Guided Reading

There has been quite a lot of talk about Whole Class Guided Reading recently. Before I give my views on why I wouldn’t feel comfortable doing only Whole Class Guided Reading, I want to first point out that this is only one of many opinions on the matter, however it is one I share with a few other Literacy Consultants I have spoken to.

Secondly, I want to recommend a blogger who feels strongly about Whole Class Guided Reading as a successful approach. I know you are probably wondering why I would recommend a blogger if I don’t believe Whole Class Guided Reading is the sole way in which Guided Reading should be taught but I do think Mrs P has some very good ideas which I believe you will all find useful.

I will briefly give my take on what Whole Class Guided Reading is. It is just that. A reading lesson is taught with a learning objective to the whole class at the same time. Their work may be differentiated and activities varied but the text would usually be the same for the whole class.

My views on this are mixed in that I can see the purpose of it, however, to ensure children really engage with a text and answer questions to develop their comprehension, inference, analytical and evaluative skills at a level right for the child, there needs to be focused, small group Guided Reading sessions too.

One way in which to organise this would be to do 1-2 sessions of Whole Class Guided Reading (which could be the text you are using in Literacy lessons) but I would want to balance this with 1 session a week where all children have a focused, small group Guided Read. I can see you now, thinking about how many hours of the curriculum that would take up, but, before you continue with the dangerous thought process that will take you to that deep, dark place of reoccurring weekly timetable nightmares, I would like to suggest a way to organise Guided Reading which I have seen work in a school very effectively. It ensures all children within one class get a quality, adult led, small group Guided Reading session once a week at the same time!

By rethinking the ways in which TAs are used within schools is the most crucial part to this structure. Once it is established it will be extremely successful but you will need everyone to understand the purpose of why you are doing it  from the beginning (to help encourage children to enjoy reading and develop their skills).

Often TAs asigned to a particular Year and often class teachers will have something they really need their TA to do so you need to be clear in your message when you set this up. Often ideas that involve change, especially change that is different to what they have previously known, can cause a lot of debate and airing of feelings within a close knit school. For your school it may be that this is just not worth the upheaval, challenges and organisation that it requires for your staff and that’s fine BUT before you allow your school to make that decision, if it is the right way for the children  in your school to progress, to engage in reading and develop their skills for life then it may be something that is at least worth considering.

So, I have briefly broken down how the use of TAs for Guided Reading could work.

Step 1: Training TAs on Guided Reading and the types of questioning needed.

Step 2: Timetabling 30-45 mins per class to have 4 TA’s and yourself in the classroom at the same time. (One session a week for each year group).

Step 3: Sort consistent assessment trackers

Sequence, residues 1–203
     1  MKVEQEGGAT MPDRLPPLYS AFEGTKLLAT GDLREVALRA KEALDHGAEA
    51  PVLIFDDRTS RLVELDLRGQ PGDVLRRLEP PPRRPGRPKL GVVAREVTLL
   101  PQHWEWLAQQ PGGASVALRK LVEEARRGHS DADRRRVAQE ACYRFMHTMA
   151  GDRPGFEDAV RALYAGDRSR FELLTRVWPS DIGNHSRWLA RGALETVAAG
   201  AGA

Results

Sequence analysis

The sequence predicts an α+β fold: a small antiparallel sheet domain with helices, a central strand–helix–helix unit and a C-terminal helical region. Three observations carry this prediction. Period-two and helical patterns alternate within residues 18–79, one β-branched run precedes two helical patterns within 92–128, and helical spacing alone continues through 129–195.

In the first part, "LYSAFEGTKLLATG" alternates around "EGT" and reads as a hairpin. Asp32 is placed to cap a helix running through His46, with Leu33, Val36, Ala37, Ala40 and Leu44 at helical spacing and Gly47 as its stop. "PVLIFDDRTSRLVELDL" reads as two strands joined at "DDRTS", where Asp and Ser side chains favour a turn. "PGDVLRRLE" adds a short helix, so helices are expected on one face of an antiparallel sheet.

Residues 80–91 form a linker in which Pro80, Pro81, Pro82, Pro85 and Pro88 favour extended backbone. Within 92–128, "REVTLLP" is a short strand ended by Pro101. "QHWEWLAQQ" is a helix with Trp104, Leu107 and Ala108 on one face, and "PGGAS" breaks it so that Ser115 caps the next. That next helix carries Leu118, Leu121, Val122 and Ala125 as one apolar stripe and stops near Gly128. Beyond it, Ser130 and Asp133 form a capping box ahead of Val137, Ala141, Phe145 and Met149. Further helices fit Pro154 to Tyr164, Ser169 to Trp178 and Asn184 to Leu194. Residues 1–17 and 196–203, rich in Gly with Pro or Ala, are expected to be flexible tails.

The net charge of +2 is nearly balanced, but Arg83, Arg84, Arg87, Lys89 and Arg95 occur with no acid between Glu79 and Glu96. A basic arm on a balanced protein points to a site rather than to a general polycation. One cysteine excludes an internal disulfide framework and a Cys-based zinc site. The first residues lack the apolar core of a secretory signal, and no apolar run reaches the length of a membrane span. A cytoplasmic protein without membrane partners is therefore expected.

Step 4: Organise children into 5 groups. One led by you, each of the others by a TA

Step 5: regularly review groupings. (And review staff training often).

Step 6: rotate adults 1/2 termly with groups.

I have first hand experience of hearing how the use of TAs in this way was outstanding from Ofsted in 2015 and, whilst I don’t agree with Ofsted on everything, I agree here. If it is well managed and well commited to in terms of CPD, then this way of teaching Guided Reading can massively impact the children’s attitude towards reading and their progress can excel.

Most schools have moved on from the time where your TA is in the classroom at 1pm to help you finish the beautiful, eye-catching display so you don’t have to stay until 5pm. This means some TAs will have a heavy timetable of support groups, but, in the long run, organising Guided Reading this way will help reduce the intervention support needed within reading comprehension. Setting it up will take some sort of organisational rejig but you can usually find one person who loves timetables within a school and is known as a timetable ‘king’ or ‘Queen’ who enjoys these sorts of changes and tackles them as if they had just been asked to complete a 3 piece jigsaw puzzle is found in Early Years. (If you want an example timetable please leave a comment and I will email this to you.)

If your school do still utilise TAs for tasks such as displays, laminating and tidying whilst children are in the classroom please remember that yes these are important tasks but it should not be at the expense of missed opportunities for learning, and more importantly for developing a life long passion for reading. 

I will continue blogging about ways to teach Guided Reading in the next few posts. These will look at ideas within lessons such as using video and wordless picture books, but I am delivering training on writing tomorrow so I need to stop blogging and I need to get organised.

This is a re-blog post originally posted by Jo Gray and published with kind permission.

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About UKEdChat Editorial 3187 Articles
The Editorial Account of UKEdChat, managed by editor-in-chief Colin Hill, with support from Martin Burrett from the UKEd Magazine. Pedagogy, Resources, Community.

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